MICHAEL CUNNINGHAM has been a commercial photographer for over sixteen years, and his clients have included some of the world’s largest corporations: Coca-Cola, RJR Tobacco, Sara Lee, Wachovia Bank, among others. He is the Executive Director of Urban Shutterbugs, a nonprofit organization aimed at teaching the fine art of black and white photography to inner-city youth. Cunningham is a member of American Society of Media Photographers (ASMP), and is a board member of the Washington, DC chapter. He has one daughter, Kamari, and resides in Washington, DC.
50 Phenomenal Black Women Over 50
By Michael Cunningham and Connie Briscoe
Little, Brown and Company – April 11, 2007
Photographer Michael Cunningham (coauthor of Crowns) and author Connie Briscoe, a New York Times bestselling novelist, profile 50 women over the age of 50 who have been remarkably successful—whether in reaching the top of the corporate ladder, finding fame in politics or the arts, or raising a son to be proud of a single mother—and reveal the ways that they have prevailed despite daunting obstacles. Their stories are paired with Cunningham’s intimate portraits of the women.
Jewels includes well-known and little-known women alike, from teachers and executives to artists, authors, and entertainers. Among the celebrities profiled in the book are Ruby Dee, Eleanor Holmes Norton, S. Epatha Merkerson, and Marion Wright Edelman. Coauthor Connie Briscoe also appears here as one of the featured Jewels, telling her inspiring personal story. World-renowned poet, writer, commentator, activist, and educator Nikki Giovanni contributes an original poem to the book.
Praise for JEWELS
“Jewels, a captivating and gorgeous exploration of fifty phenomenal black women over fifty, is an inspiring treasure to behold.”—E. Lynn Harris, author of I Say a Little Prayer
“In this youth-obsessed culture, thank God Michael Cunningham and Connie Briscoe decided to celebrate women over fifty. They have wisdom and, to me, there’s nothing more attractive than that. Seeing the extraordinary women on these pages, black women who know who they are, is simply splendid.”—Benilde Little, author of Who Does She Think She Is?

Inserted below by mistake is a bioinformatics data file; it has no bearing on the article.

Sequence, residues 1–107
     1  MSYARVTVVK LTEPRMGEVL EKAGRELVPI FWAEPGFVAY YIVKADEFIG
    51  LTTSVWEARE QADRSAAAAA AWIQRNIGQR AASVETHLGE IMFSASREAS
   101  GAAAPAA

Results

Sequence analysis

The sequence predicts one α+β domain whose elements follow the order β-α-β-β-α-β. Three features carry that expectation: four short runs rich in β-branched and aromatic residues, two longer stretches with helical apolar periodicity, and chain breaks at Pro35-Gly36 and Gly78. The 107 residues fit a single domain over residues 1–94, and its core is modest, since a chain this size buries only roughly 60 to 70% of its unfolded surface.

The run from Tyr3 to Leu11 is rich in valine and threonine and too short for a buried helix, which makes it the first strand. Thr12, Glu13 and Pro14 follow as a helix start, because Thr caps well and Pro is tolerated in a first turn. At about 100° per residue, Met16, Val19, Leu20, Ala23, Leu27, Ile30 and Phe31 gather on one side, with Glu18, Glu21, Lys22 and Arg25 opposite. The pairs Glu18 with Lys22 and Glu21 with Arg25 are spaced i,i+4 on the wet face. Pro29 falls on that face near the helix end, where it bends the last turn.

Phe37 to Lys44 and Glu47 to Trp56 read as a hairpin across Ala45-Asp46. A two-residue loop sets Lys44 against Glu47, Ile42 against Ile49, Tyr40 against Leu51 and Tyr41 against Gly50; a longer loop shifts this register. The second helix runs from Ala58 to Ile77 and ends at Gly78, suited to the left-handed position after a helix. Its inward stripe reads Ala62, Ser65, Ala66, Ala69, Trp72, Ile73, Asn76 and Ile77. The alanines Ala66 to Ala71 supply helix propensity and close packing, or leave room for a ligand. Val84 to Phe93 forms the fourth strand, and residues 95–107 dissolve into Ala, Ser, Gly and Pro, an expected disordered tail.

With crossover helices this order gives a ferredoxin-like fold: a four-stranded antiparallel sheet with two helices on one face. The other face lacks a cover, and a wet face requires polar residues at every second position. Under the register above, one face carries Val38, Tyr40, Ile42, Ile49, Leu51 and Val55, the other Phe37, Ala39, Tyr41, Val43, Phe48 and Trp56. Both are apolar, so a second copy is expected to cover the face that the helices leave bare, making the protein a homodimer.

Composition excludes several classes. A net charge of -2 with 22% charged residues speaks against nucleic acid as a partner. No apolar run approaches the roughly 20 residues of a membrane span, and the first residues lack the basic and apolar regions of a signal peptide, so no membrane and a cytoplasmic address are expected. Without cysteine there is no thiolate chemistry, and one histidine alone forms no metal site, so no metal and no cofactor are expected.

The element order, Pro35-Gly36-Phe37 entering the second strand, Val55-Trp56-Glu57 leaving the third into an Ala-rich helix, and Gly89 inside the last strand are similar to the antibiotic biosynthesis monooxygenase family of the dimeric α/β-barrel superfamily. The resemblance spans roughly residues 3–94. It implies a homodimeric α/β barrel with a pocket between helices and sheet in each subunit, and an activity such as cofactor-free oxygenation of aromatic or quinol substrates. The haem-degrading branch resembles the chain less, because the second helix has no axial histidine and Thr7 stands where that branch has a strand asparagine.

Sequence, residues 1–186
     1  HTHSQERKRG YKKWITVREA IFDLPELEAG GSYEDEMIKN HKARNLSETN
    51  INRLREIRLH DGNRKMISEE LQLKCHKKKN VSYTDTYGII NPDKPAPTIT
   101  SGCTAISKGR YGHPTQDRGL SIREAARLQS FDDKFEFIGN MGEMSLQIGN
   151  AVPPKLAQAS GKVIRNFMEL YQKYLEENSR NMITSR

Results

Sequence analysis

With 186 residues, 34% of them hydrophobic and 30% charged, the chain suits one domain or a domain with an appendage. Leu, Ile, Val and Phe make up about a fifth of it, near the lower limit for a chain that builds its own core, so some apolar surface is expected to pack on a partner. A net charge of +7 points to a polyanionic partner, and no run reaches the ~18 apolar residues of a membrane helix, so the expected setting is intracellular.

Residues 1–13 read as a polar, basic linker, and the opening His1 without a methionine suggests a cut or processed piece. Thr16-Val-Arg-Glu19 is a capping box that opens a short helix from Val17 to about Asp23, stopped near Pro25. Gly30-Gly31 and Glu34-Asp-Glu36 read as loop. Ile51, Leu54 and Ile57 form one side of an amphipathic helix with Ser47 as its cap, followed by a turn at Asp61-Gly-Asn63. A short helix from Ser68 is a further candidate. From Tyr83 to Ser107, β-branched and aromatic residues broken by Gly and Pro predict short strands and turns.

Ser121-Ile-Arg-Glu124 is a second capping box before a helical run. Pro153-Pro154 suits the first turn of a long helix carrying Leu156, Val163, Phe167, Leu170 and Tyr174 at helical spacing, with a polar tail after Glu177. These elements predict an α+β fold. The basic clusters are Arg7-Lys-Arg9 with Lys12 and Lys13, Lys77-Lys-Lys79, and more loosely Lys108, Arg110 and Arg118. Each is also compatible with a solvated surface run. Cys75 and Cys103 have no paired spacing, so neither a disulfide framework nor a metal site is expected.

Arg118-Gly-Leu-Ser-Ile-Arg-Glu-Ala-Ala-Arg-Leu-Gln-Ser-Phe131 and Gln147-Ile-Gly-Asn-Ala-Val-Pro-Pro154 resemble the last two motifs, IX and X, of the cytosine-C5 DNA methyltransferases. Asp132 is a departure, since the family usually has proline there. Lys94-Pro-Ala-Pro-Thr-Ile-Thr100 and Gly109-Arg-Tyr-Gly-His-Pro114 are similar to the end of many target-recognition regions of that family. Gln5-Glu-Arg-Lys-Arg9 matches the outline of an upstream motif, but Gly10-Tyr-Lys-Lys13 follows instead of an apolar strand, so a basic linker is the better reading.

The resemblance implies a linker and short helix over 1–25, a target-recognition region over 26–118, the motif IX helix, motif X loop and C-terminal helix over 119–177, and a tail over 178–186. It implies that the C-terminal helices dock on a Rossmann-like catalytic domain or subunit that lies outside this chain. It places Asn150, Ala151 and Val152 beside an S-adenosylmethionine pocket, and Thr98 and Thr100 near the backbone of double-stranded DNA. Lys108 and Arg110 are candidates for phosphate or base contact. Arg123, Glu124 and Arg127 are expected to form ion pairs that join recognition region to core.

“This book will have special resonance for black women, but offers its inspirational message to all.”—Publishers Weekly
“A beautiful and inspirational book.”—Booklist
Portraits of Black Women and their Fabulous Hair
By Michael Cunningham and George Alexander
Doubleday – November 1, 2005
Crowns photographer Michael Cunningham and author and journalist George Alexander have captured the marvelous trinity of black women, hair, and beauty salons in the glorious Queens: Portraits of Black Women and Their Fabulous Hair.
Angela Garner says that “The beauty salon is the one great thing we get to share as African American women. It’s therapeutic.” Tisch Sims says that wearing fantasy hair makes her feel “like a goddess, a queen.”
From the afro to the ponytail to dreadlocks to braids to relaxed hair to fantasy hair; from “good hair” to bad hair days, in this stunningly designed book black women from the United States, Africa, and London explore the fascination with hair and beauty that has long been a cherished part of African American culture.
In fifty gorgeous photographs accompanied by vivid, personal narratives, Queens, by turns moving and funny, is the ultimate all-occasion gift book, perfect for Christmas, Kwanzaa, Mother’s Day, and birthdays.
SPIRIT OF HARLEM
A Portrait of America’s Most Exciting Neighborhood
By Craig Marberry and Michael Cunningham
Doubleday – November 18, 2003
The creative team behind the smash hit Crowns: Portraits of Black Women in Church Hats returns with a glorious tour of the spirit of Harlem—a collection of fifty stunning black-and-white photographs and unforgettable interviews that capture the heart and soul of one of the most famous and vibrant neighborhoods in the world.